With Brandy Clark’s sophomore album Big Day in a Small Town, the beauty is in the details.
And life growing up in Morton, Washington provided plenty of inspiration for the small town drama that plays throughout the 11-song collection.
“I love how everybody is in everybody’s business,” she says. “There’s something about that that’s real funny. … I love everybody knowing you, and then I love that everybody cares.”
The strong sense of community that comes with small town living isn’t lost on Clark. She says when her father, a logger, died in a work-related accident; the loss impacted the entire town.
“I went home for his memorial service and they had to have it in a gym because that many people came to it,” she recalls. “I said, ‘That’s a small town.’ Who gets that other than a celebrity? That made me love my hometown forever.”
Clark captures the struggle of mending a broken family following the loss of a loved one in the emotional closer, “Since You’ve Gone to Heaven.”
In the title track, when a teenager named Mindy gives birth in geometry class, the listener can feel the mother’s shock when the school principal calls with news that she’s going to be a grandmother.
Then there’s a feeling of desperation of not having two nickels to rub together in “Broke,” while “Daughter” is full of bitter irony about karma getting back at a commitment-phobic father in the form of a gorgeous young daughter.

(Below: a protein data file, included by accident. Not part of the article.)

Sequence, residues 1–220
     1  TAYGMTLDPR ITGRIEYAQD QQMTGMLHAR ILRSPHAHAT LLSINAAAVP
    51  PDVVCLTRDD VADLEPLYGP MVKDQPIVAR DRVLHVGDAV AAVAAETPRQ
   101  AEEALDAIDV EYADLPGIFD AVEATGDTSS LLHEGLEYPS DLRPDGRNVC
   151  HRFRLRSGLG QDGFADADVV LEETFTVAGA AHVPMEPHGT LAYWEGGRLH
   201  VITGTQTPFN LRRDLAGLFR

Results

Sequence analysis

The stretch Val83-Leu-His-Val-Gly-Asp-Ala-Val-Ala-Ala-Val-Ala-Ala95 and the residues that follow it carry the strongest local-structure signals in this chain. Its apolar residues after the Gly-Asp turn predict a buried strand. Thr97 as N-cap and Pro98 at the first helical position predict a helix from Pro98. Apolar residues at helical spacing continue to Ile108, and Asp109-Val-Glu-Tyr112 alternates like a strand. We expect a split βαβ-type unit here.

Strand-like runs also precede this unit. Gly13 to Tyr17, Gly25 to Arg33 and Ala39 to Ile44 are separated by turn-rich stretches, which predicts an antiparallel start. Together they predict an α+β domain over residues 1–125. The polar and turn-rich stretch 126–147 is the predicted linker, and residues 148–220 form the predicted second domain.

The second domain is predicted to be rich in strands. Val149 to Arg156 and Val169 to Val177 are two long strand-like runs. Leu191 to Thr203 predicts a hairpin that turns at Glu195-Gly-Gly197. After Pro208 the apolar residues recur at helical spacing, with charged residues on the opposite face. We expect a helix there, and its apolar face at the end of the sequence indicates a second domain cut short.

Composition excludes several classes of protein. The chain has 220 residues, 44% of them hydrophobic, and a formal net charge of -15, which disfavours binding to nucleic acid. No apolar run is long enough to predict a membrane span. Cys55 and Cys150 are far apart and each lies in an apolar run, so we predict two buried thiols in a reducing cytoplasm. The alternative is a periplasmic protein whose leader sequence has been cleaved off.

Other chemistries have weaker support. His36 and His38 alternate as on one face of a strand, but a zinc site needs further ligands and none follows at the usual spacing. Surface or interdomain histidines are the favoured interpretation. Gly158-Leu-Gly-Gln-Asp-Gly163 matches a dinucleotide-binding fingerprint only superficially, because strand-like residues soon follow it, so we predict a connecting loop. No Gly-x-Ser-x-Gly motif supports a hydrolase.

Kacey Musgraves guests on backing vocals as Clark sings, “So I hope you have a daughter and I hope that she’s a fox/Daddy’s little girl just as sweet as she as hot/And she can’t help but love them boys/Who love to love and leave them girls just like her father/Yeah karma’s a bitch so I hope you have a daughter.”
Clark’s heroes are the extraordinary, every day folks who helped raise her. To this day, she will never forget the dramedy that played out when her grandfather chased her grandmother with a knife as she was getting stung by bees trapped in her bee suit.
At the time, her grandmother was trying to catch a swarm at a local business unaware that it had been sprayed with something that pissed the bees off. Her grandfather didn’t tie the veil protecting grandmother’s face correctly, and the little critters got inside.
“She went to undo it, and he had tied it in a knot,” Clark says. “She always said she wished somebody would have filmed this – she was running and she turned around and my grandpa was chasing her but he couldn’t catch her. He had a knife to get ahold of the [veil] and cut it off. She was disoriented because of the bees and scared of him. But he’s the gentlest person. Finally he got her on the ground and cut it off. I remember seeing her in the hospital and being scared because her face and lips were humungous.”
Sounds like a potential song for another day.
For Big Day in a Small Town, Clark paired with producer Jay Joyce with a goal to stretch creatively.
“He helped me go to some places that maybe I was a little scared to go,” she says. “He doesn’t have an ego in the studio, and so it’s just about being service to the artist and the songs.”
“I think for me, I don’t know what my next record will be,” she adds. “Every record is a different project but I feel a lot of how he’s inspired me now. I want to write better songs because I think of what he does production-wise and how it elevates already great songs. I want to just write greater songs and I think about things musically a little different.”